By Nadine Lim and Steph Liang
|Best read this year 1||House of Hollow by Krystal Sutherland||Emma by Jane Austen|
|Best read this year 2||Kafka on the Shore by Haruki Murakami||Invisible Life of Addie LaRue by VE Scwab|
|Anticipated release 1||Babel, or The Necessity of Violence: An Arcane History of the Oxford Translators’ Revolution by R.F Kuang||Silverborn: the Mystery of Morrigan Crow by Jessica Townsend|
|Anticipated release 2||Kaikeyi by Vaishnavi Patel||League of Liars by Astrid Scholte|
This month with Nadine and Steph…
Spicing things up for the last Bibliophile Babble of 2021, we conducted a pseudo-interview where we gush about our favourite reads of the year, as well as our most anticipated 2022 releases. Enjoy!
S: It’s crazy to think 2021 is drawing to a close! Through all the ups and downs of this year, one thing was constant…
N: … Lockdowns? Mask mandates? Procrastination?
S: Well those, but also…
S: Exactly. So Nadine, looking back what would you say your favourite read of this year was?
N: So many to choose from, but one book I absolutely adored was the classic Emma by Jane Austen. I picked up this novel after watching the 2020 film adaptation starring Anya Taylor-Joy and loved every aspect of it; the wit and humour were particular standouts, especially for a novel written during the 1800s!
S: Nothing like a Regency-era romance and slowburn.
N: Exactly! I’d really recommend everyone to check out both the book and film. What about your favourite read, Steph?
S: I also had some great reads this year, but one that really stood out for me was the novel House of Hollow by Krystal Sutherland. Aside from the simply stunning cover, I loved how the book interwove the genres of urban fantasy and horror, coupled with unique characterisation.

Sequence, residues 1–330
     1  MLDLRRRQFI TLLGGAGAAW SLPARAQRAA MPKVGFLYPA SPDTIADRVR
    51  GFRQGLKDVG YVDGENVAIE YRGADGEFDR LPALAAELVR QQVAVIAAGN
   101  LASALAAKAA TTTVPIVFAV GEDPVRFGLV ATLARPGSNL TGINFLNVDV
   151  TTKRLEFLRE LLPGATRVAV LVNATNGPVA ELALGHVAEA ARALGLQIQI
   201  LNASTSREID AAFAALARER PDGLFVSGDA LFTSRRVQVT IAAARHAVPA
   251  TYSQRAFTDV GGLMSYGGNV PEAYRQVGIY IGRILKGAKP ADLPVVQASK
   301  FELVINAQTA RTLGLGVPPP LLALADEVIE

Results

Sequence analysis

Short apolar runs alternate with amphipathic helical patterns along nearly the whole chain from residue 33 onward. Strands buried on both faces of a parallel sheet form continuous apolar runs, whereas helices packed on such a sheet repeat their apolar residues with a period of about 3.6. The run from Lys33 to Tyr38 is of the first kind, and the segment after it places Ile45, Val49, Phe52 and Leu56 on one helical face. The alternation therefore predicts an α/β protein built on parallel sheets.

N: That sounds so intriguing! Whilst we’re on the topic of young adult fiction, I also loved The Invisible Life of Addie LaRue by VE Schwab.
S: Ooh yes, I’ve heard such great things about it on BookTok this year.
N: Yeah, I loved how the book studied what makes human life valuable, and even though the ending was somewhat predictable I still really enjoyed it overall. Did you have another favourite read for this year?
S: I also loved Kafka on the Shore by Haruki Murakami. It’s honestly unlike any other book I’ve ever read, and the magical realism was confusing at points yet simultaneously intriguing!
N: What a great year of reading! Looking forward, 2022 has many exciting releases planned: one that I’m most excited for is League of Liars by Astrid Scholte, a novel heralded as ‘the next Six of Crows’ by ARC readers for its band of morally grey, criminally involved teens on a jailbreak mission. Hurrah!
S: *cue incoherent screeching* Ahem. Pardon the screaming, but that sounds ABSOLUTELY PERFECT. I AM SO EXCITED. I’m also excited for Kaikeyi by Vaishnavi Patel, which reimagines the life of Kaikeyi, the vilified queen of Indian mythology. And it’s coined to be as good as Circe by Madeleine Miller? Count me in.
N: *more incoherent screeching* As an avid lover of Circe and Greek mythology in general… I’m ready. I am also pumped for the next instalment of the Nevermoor series Silverborn: the Mystery of Morrigan Crow by Jessica Townsend, which I recommended back in May! I cannot wait for the new adventures that are in store from the whimsical city of Nevermoor.
S: That’s so exciting! That reminds me, one of my favourite authors, R.F. Kuang, also has a new book coming out called Babel, or The Necessity of Violence: An Arcane History of the Oxford Translators’ Revolution, or simply Babel. Kuang’s series The Poppy War really left a striking impression on me, and I’m anticipating that this new dark academia novel from her will do the same.
N: Ahh, so many good things coming! On that lovely note, we’ll wrap Bibliophile Babble for this year. From Steph and I, we wish everyone a happy holidays and happy reading.
S: See you all next year!